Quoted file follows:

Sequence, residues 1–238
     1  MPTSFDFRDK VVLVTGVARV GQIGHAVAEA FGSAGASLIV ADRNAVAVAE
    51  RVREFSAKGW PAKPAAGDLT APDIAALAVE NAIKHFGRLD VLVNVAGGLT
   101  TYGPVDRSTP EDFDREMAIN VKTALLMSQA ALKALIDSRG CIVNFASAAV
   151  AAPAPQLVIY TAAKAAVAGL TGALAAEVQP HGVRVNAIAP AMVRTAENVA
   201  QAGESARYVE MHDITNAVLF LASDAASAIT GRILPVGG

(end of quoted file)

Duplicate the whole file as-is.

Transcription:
Sequence, residues 1–238
     1  MPTSFDFRDK VVLVTGVARV GQIGHAVAEA FGSAGASLIV ADRNAVAVAE
    51  RVREFSAKGW PAKPAAGDLT APDIAALAVE NAIKHFGRLD VLVNVAGGLT
   101  TYGPVDRSTP EDFDREMAIN VKTALLMSQA ALKALIDSRG CIVNFASAAV
   151  AAPAPQLVIY TAAKAAVAGL TGALAAEVQP HGVRVNAIAP AMVRTAENVA
   201  QAGESARYVE MHDITNAVLF LASDAASAIT GRILPVGG